Another big shift is in the size of books. After years of diminishing page counts, Big Books—400 to 1000 pages—were all over the show, in many genres and from a diversity of publishers.
Time travel was big in YA, and graphic novels were everywhere. One author-publisher was piloting a title that spun out a graphic novel into more traditional narrative fiction, using the original illustrator. And there seemed to be a rash of moralistic children’s books, well-produced but not likely to go far.
Also lots of books from established authors, building on previous work. Rich Dad Poor Dad author Robert Kiyosaki was signing his new More Important Than Money at several sittings during the show. The Blue Ocean Strategy folks are back with Blue Ocean Shift. Yahoo CEO Marissa Meyer had a children’s book.
Changes in the Show Reflect Changes in the Industry
One enormous shift is the consolidation of small-press distribution vendors under the Ingram banner. Perseus had bought out a number of its competitors, and now Ingram—already a powerhouse in book wholesaling, digital printing, ebooks, and content development—bought out Perseus/. While it is keeping the brands separate, Ingram now owns Perseus, Publishers Group West (PGW), and Consortium. Others, including NBN and Midpoint remain independent.
A lot changed in the show format, venue, and feel—adapting, no doubt, to a world in which books have to compete with thousands of other stimuli for our attention, and yet a few celebrity authors are becoming rockstars:
Three New Vendors Typify Cool New Services
In the past, I’ve found that the show provides a big opportunity to monitor very big trends when they’re still quite small. I’ve watched the unveiling of everything fr om Overdrive, a digital distributor quite popular in the library market, to the Espresso Book Machine, an on-demand printer for bookstores capable of creating one-off copies while a customer browses in the store (though when I saw the Espresso, it never occurred to me that it would become a publishing venue for unknown authors and poets; I saw it originally as an easy way for bookstores to supply customers with rare or out-of-print books).
In this year’s crop, three impressed me enough to include here:
Publishizer shows that Big Data techniques don’t always have to serve corporate masters; individuals can gain the benefit too. Originally started as a crowdfunding platform for book projects, this service matches authors seeking publishers with houses seeking authors, and has already done 50 deals, according to Tian Daphne, Head of Community. Several similar services exist, but what makes this one unique is that authors can presell copies, so publishers can see winning trends and acquire titles that are already selling but haven’t been published. The firm charges nothing for an author to list and nothing when a deal is signed. The revenue model: it takes a 30 percent cut on preorders. Wiley and Weiser are among the larger publishers who are on the platform, though Daphne notes, “we’ve been very attractive to hybrid publishers” whose authors pay some or all of the costs in exchange for higher royalties.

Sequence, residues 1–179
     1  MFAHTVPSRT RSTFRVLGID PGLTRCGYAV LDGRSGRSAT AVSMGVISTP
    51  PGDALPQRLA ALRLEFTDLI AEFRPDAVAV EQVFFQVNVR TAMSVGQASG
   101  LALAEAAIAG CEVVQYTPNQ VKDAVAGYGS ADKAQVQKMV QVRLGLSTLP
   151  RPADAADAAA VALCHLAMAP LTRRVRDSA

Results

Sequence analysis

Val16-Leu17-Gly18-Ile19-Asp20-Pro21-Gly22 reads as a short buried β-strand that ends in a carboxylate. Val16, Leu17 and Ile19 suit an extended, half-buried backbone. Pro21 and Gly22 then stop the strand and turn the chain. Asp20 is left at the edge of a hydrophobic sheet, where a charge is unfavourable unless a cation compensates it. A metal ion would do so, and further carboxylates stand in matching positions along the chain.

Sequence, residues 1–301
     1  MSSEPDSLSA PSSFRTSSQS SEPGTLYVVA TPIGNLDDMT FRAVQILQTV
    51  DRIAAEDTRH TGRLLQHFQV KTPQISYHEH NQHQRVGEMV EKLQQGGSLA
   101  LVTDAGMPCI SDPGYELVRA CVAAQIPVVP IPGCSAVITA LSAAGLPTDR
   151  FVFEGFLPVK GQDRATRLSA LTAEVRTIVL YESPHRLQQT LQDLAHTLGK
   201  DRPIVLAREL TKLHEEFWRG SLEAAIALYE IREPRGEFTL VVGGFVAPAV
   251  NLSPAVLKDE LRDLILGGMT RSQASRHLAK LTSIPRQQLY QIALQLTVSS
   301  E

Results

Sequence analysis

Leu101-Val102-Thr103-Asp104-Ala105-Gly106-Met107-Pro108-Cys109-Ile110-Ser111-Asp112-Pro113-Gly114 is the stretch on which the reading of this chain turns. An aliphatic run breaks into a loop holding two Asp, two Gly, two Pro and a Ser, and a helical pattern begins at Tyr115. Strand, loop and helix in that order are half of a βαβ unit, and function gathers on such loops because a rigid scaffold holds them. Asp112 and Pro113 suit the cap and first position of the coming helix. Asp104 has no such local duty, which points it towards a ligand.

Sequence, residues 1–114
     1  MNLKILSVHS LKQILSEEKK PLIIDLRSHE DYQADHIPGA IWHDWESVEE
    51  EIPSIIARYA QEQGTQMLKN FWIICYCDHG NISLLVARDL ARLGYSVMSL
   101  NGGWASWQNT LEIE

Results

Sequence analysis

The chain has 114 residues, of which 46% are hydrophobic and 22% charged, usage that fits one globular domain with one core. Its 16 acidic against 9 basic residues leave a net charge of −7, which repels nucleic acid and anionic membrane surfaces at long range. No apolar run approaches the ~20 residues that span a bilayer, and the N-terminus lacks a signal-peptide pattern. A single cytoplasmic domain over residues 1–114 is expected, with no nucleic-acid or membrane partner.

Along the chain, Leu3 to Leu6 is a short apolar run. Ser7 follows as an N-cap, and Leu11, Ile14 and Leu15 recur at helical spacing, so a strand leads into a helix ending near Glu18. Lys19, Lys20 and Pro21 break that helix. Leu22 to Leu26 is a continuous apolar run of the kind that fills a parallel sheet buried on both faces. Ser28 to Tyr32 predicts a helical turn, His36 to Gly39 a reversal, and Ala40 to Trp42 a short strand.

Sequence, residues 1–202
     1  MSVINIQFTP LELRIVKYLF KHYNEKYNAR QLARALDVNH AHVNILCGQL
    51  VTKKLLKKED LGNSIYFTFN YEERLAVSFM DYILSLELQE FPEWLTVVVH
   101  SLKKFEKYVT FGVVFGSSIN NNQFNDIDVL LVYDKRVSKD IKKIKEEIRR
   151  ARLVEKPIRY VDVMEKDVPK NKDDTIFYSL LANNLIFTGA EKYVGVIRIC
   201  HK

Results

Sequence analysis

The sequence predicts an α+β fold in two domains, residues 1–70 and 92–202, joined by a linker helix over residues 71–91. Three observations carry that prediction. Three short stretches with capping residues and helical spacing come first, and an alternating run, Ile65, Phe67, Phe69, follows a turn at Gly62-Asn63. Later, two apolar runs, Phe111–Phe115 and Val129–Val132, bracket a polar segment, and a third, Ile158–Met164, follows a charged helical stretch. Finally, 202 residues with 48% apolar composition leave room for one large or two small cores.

Two booths away, Story Rocket’s primary goal is to match authors and filmmakers, bypassing the frustratingly difficult film agent process (which makes finding a good book agent look like a romp in the park). Story Rocket does not take a commission and funds itself through a fremium model, with up to 10 free projects and then a fee. According to booth staffer Ian Karasz, the platform can be used to highlight and repurpose content in several other ways.
And Dartfrog Books allows self-published authors of quality to get directly into bookstores, without dealing with the difficulties of a traditional distributor or wholesaler. Co-Founder Gordon McClellan explained that the company charges a $350 evaluation fee for either finished self-published books or manuscripts, and no fee to resubmit a revision based on the evaluator’s suggestions (or a finished copy of a book submitted in manuscript). Those that pass the vetting process become distribution clients
All of these typify the imaginative cutting-edge thinking that has been a part of the show’s tech vendors for at least 20 years. But all have revenue models that strike me as insufficiently robust; if I were these companies, I’d probably build in a commission on deals as well, figure out some additional revenue streams for Dartfrog while keeping the cost to self-publishers where it is, and knock the number of free projects in Story Rocket down to three or five. Not that many authors have more than 10 books they’d like to make into movies. I’d love to be wrong on that and come back to next year’s show to find that these companies are thriving on the revenue paths they’ve already identified.
Shel Horowitz’s coverage of Book Expo since 1997 can be found at http://frugalmarketing.com/dtb/dtb-publishing.shtml. His award-winning 10th book is Guerrilla Marketing to Heal the World.